Memory and Reminiscence
Dorfman commented in an interview with Carlos Reyes on the Amnesty International homepage: "Memory is a constant obsession for me," observing that a memory of the past is a counter against those, like the military rulers, "who would obliterate others, who would forget them, ignore them, neglect them, erase them from the earth.'' Dorfman's "obsession'' shows in his characterization of Paulina, whose strong memories of being raped and tortured still haunt her and provide a challenge to the historical revisionists who would claim that such events did not take place. Establishing a history of the victims will be an important step towards national reconciliation, but the question of just how satisfying such a process can be to Paulina and others like her is one of the more difficult issues presented in the play.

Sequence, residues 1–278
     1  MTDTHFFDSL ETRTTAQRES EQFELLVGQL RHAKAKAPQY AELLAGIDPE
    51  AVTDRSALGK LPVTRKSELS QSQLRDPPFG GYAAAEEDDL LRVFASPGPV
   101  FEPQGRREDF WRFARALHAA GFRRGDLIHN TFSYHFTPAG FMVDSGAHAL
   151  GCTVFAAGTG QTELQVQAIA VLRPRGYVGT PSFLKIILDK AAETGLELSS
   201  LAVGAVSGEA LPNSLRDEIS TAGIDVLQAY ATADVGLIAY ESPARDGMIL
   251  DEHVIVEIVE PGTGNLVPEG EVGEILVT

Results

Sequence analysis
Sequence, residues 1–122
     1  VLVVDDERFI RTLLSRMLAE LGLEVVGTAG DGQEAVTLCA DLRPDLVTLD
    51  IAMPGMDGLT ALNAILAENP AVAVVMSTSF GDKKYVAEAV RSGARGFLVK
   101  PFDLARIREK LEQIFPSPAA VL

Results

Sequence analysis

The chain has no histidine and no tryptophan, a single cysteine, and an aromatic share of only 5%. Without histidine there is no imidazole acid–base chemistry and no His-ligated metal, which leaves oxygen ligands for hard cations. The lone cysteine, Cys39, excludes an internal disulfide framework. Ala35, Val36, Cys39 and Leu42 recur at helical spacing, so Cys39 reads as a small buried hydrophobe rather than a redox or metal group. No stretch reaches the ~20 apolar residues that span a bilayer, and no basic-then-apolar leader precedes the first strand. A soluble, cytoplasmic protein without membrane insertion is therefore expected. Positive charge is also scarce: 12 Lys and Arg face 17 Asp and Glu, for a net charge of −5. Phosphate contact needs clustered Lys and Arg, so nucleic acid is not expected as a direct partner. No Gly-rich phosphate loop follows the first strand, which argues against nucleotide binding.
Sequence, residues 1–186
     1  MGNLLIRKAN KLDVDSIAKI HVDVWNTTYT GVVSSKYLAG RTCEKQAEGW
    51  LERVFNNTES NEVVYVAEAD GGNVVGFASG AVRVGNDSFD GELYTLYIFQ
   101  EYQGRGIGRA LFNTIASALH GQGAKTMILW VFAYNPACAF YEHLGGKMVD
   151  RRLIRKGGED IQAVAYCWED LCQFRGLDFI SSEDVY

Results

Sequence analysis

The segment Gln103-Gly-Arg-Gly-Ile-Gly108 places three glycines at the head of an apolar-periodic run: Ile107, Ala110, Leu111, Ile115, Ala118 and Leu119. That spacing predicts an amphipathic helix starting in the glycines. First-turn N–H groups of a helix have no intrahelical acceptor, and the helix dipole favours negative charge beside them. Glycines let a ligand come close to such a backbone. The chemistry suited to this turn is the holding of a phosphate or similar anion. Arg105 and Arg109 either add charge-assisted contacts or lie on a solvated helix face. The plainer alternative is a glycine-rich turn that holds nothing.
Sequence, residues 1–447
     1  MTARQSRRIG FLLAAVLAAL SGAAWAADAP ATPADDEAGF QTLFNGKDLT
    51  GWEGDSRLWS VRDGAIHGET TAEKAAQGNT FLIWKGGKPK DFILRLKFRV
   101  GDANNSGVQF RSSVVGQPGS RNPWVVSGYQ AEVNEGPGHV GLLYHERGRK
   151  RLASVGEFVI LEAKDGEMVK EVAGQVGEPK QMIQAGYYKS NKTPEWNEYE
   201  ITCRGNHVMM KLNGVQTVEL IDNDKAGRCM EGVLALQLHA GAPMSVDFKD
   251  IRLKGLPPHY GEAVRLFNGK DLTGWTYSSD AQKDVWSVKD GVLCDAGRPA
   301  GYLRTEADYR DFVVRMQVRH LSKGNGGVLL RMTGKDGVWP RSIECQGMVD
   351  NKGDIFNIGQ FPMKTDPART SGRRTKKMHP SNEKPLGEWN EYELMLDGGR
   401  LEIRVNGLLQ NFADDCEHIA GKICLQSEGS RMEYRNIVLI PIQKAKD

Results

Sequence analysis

Morality and Ethics
The immorality of the past military regime is not debated in Death and the Maiden; the discussion of Paulina's torment and the mention of other cases of extra-judicial abduction, torture, and murder are enough to establish the context. The central ethical issue of the play is whether Paulina, by choosing to try—and punish—Miranda herself, is merely replicating the same injustices of the military regime. "We can't use their methods," Gerardo comments. Paulina agrees in concept but feels that the circumstances are different. She also argues that she is giving Miranda the opportunity to defend himself, a privilege she was not granted.